Injury Analysis—India

  1. The Tribunal will now conduct its injury assessment with regard to India. It will assess the likely volumes and likely prices of subsidized goods and their likely impact on the domestic industry if only the countervailing duties are no longer in place.

Likely Volumes of Subsidized Goods

  1. The Government of India submitted that capacity utilization among Indian steel producers is relatively high as compared to the producers in the cumulated countries. It also argued that it expects that increasing domestic demand and a relatively high domestic market price will serve to ensure that Indian exporters remain focussed on their domestic market and do not export significant volumes of hot-rolled steel sheet to Canada if the Tribunal’s order against India is rescinded. Further, the Government of India has imposed several trade-restrictive measures on imports of hot-rolled steel sheet from China and other countries, which will further ensure that Indian steel production will serve domestic demand.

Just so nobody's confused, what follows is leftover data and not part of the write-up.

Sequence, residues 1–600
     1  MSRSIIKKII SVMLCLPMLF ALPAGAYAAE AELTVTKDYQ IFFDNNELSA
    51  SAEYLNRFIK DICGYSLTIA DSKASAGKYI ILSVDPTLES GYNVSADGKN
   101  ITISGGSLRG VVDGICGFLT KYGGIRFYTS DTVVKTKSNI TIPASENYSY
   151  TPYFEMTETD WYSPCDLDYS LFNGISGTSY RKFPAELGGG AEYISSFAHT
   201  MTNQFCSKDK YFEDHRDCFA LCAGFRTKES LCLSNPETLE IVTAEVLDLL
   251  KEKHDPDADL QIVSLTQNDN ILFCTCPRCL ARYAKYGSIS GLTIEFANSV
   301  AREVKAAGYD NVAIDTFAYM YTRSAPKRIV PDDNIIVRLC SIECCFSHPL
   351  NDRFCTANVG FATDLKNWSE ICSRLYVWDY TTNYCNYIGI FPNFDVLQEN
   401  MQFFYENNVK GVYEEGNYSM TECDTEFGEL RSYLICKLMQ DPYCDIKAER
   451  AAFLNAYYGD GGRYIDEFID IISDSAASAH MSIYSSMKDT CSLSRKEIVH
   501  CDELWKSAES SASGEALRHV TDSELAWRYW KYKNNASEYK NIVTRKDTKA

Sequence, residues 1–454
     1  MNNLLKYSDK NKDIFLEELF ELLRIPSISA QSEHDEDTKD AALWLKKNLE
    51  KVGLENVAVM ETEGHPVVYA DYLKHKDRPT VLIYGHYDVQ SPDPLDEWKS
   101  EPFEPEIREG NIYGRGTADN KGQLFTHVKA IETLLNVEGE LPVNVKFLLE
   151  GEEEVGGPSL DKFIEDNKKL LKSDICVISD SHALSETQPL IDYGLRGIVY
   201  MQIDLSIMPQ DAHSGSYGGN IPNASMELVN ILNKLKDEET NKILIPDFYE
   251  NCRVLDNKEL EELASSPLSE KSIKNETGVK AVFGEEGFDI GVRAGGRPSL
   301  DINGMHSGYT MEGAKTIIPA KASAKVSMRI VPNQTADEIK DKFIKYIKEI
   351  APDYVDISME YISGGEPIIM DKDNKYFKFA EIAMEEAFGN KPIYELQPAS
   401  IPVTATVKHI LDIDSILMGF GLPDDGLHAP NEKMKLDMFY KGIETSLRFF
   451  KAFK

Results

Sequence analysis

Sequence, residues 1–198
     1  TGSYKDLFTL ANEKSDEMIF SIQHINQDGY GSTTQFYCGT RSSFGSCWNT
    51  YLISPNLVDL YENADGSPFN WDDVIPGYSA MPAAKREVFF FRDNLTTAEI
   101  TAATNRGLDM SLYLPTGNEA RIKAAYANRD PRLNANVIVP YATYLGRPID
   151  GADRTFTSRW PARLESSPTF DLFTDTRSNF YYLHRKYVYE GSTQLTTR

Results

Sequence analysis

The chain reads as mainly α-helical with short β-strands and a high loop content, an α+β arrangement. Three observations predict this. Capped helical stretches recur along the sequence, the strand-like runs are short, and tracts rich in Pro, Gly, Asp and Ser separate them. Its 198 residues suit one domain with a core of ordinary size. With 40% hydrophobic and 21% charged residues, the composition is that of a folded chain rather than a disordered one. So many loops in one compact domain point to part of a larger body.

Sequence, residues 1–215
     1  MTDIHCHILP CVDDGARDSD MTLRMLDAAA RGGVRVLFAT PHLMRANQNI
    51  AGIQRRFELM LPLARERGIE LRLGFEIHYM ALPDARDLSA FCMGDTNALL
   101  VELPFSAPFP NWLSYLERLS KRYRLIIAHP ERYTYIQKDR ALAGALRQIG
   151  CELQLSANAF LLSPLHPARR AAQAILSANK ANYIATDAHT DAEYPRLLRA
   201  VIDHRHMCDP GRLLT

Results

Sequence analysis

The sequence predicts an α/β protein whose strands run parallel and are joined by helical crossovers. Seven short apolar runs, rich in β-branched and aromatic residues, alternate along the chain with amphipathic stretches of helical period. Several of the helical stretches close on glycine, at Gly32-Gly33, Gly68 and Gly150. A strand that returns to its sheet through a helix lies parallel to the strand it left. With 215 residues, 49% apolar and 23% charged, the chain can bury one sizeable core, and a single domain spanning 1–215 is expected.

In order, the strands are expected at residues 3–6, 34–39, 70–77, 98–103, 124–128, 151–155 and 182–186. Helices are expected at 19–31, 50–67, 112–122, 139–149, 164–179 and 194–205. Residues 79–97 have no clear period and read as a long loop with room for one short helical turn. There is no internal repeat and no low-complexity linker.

2. Economic conditions in India were strong during the POR. India’s economy grew by 7.3 percent in 2015, and is expected to see further growth of 7.5 percent in both 2016 and 2017.[103]
  3. Hot-rolled steel sheet consumption increased substantially in India during the POR, growing by 8.5 percent in 2014 and 10.3 percent in 2015, in response to demand in the construction sector as a result of significant infrastructure investment by the Indian government, as well as in the automotive sector.[104] However, the most recent forecasts indicate that growth in consumption will slow significantly in the near to medium term, increasing by only 1.8 percent in 2016, 3.7 percent in 2017 and 2.0 percent in 2018.[105]